Tuesday, May 28, 2019

Hiram Arnold

For this Memorial Day, instead of visiting the grave of my Uncle Frank, who was killed in Vietnam three days before his twentieth birthday, or of my grandfather, whose body was still expelling shrapnel from WWII on his deathbed in 2006, I visited Great-Great-Grandpa Arnold’s grave.

Hiram Arnold (Great-Great-Grandfather)
Hiram Arnold came to Texas from Ohio in his early twenties. When he was 23 he married Thirza Birchfield. After losing their first child, twins were born in 1861: Jefferson Davis Arnold and John Baylor Arnold.

(If you're not familiar with Confederate leaders or the Civil War, Jefferson Davis was the President of the Confederate States of America; John Baylor was a US Indian agent, publisher and editor, politician, a senior officer of the Confederate States Army (CSA), and all-around piece of human garbage keen on murder and genocide. Thankfully, we don't have many more lackluster namesakes in our family.)

When I was researching this branch of my family I found someone online who had speculated that Hiram must have been a die-hard Confederate since he named his sons after Davis and Baylor. That assumption is simplistic at best. It’s not as if he owned a plantation and slaves.

It’s far more likely that Hiram, because of his well-documented poverty, had been working alongside slaves in the cotton fields of Texas. It’s also likely he fought against family members and childhood friends who served in the Union from his home state of Ohio, where his parents and siblings are buried. I think poverty and being a newly-arrived settler in the South are sorely under-analyzed dimensions in understanding the race ideology of the Confederacy.

The following year, in 1862, Hiram enlisted in the CSA. He served in Company I, 30th Texas Cavalry for about two years, then served with Company A, 29th Texas Cavalry until the end of the War. He fought in the Battle of Mansfield and the Battle of Pleasant Hill, both in Louisiana, under Major General John G. Walker's command. His company surrendered at Galveston in June of 1865 at the close of the War.

In 1881, when he was 45, my Great-Grandma Thirza Garrett, née Arnold, was born. My family used to visit her at the old folks home on weekends after we moved back to east Texas. She always had one of those giant, thick two-pound peppermint sticks that us kids could chip off pieces of. She died when I was 6. Hers is the first funeral I remember.

It wasn’t until a few years ago that I learned about her father Hiram. I’m still amazed that I knew someone whose father fought in the Civil War, albeit on the losing side.

In January 1911, at the age of 73, Hiram applied for and was granted a Confederate Pension. On his application, he listed a handful of blacksmith tools in a country shop as his only assets. As attested by the county judge, he lived in his shop and did his own cooking, "with no property other than his tools." He died of stomach cancer in 1917 at the age of 80.

Saturday, May 18, 2019

In Search of Babushka

Babushka's Journey: The Dark Road to Stalin's Wartime Camps is an eloquent travel memoir that also manages to do the heavy lifting required by great historical writing. Though German-born and typically Ireland-based, author Marcel Krueger is currently carrying out the duties of writer-in-residence in Olsztyn, Poland. You can follow his blog in German and in English.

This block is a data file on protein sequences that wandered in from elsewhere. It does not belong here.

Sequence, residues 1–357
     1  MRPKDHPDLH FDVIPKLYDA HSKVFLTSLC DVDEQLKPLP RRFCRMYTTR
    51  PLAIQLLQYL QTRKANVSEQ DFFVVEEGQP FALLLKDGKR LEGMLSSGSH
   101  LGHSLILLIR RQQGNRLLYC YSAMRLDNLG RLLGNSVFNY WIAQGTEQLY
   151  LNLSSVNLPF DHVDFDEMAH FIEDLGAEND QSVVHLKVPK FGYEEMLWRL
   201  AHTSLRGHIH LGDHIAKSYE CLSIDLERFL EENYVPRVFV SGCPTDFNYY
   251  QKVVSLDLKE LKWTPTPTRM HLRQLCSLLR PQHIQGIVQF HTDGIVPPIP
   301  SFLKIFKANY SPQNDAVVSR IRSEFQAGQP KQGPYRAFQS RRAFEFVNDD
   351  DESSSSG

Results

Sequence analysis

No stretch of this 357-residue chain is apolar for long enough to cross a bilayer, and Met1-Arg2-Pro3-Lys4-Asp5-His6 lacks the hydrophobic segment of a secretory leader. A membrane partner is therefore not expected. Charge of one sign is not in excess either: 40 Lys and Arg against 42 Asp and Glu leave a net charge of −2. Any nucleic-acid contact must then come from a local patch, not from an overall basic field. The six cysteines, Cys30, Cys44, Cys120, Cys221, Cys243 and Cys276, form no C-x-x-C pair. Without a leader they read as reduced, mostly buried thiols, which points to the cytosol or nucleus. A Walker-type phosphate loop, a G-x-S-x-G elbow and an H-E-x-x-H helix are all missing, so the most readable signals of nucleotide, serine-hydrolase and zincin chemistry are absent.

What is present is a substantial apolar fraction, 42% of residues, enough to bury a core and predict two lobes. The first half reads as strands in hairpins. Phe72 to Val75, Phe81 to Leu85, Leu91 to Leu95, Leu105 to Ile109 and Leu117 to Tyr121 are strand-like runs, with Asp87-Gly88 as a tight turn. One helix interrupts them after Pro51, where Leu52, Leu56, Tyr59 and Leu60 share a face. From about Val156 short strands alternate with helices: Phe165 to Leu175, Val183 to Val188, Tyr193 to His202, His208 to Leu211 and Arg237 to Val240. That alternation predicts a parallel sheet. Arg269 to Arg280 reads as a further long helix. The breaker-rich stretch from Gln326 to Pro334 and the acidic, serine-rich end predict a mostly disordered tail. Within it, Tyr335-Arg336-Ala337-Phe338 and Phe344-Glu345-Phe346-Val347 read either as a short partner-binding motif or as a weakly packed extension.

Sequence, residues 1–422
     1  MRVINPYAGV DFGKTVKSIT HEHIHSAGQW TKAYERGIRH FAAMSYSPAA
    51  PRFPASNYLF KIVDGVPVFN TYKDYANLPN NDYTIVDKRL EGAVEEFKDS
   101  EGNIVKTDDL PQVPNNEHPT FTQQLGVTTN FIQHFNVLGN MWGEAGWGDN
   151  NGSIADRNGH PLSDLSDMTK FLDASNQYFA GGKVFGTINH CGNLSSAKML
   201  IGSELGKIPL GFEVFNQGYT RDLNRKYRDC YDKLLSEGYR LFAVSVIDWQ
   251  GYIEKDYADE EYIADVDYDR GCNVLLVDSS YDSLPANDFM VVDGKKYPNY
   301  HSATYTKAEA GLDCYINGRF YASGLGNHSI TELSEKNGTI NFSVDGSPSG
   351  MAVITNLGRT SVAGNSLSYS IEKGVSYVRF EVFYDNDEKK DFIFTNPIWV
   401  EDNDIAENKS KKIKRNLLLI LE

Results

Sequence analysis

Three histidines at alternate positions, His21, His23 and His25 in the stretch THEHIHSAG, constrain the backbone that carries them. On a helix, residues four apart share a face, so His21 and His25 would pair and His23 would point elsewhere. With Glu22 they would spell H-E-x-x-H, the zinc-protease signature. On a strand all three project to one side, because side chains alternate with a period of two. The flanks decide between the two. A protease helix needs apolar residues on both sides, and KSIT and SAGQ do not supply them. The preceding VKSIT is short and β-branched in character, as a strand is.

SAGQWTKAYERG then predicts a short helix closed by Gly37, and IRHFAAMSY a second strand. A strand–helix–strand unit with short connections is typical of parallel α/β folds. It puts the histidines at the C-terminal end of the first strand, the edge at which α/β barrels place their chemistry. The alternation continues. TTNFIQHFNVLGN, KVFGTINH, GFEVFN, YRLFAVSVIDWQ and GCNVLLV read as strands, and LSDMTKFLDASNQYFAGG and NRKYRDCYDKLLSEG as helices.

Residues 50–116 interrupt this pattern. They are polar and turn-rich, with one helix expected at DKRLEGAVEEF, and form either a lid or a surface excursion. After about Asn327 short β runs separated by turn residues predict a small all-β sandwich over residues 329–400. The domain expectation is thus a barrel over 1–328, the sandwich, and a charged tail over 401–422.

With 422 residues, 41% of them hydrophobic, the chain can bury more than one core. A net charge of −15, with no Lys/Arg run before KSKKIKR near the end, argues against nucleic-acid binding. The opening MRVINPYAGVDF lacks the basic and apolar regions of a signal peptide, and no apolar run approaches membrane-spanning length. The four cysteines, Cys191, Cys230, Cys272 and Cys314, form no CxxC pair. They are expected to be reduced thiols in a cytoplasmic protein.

Published by I.B. Tauris in 2018, Babushka's Journey is a welcome addition to the better known histories of trauma of the twentieth century, filling a niche that most World War II and Gulag narratives barely mention: the fate of East Prussian women during the final days of the war.

Krueger beautifully narrates both the story of his grandmother Cilly and her rural childhood that was interrupted when the Soviet army advanced into the region in January 1945 as well as of his own present-day attempt to trace her journey east, through Poland and on to Yekaterinburg, where she worked in various POW labor camps in the region until October 1949.

He brings fresh insight into what it meant to be a German POW in Stalin's Soviet Union by not only conducting archival research and interviewing primary sources but also through recreating the diet that his grandmother would have eaten in the camps and the physiological toll such a diet will take on the human body. He captures both the bleak winter of 1945 and the stifling summer heat of Eastern Europe during his own travels.

Babushka's Journey raises the standard of historical research and how that research can serve as the basis to a compelling and memorable narrative.


Support Independent Bookstores - Visit IndieBound.org

Thursday, May 16, 2019

In Memory of Little Beasts

I'm devastated, and I've been bawling my eyes out for days now. I went to bed Friday evening sure that my little family was safe and well, only to lose my little boy in the night. He wasn't ill. Despite being deaf, he was probably the fittest cat I've ever known. But he died early Saturday morning, just weeks shy from his eighth birthday/anniversary, and now my home is filled with tears where a little white deaf cat once lived.

I'm angry that the remaining four to eight years I fully expected to have with him were taken from me. I'm angry that he died in distress with no warning. And that I was unable to do anything to help. I loved him with all my heart, and yet I still know I didn't deserve the love he offered me.

Rest in peace, my fearless Stupid Baby. I'll never forget you.

Bosko P. Carmichael, June 29, 2011 - May 11, 2019

Bosko's Tumblr can be found at https://iambosko.tumblr.com/, if you want to see almost eight years of cat photos.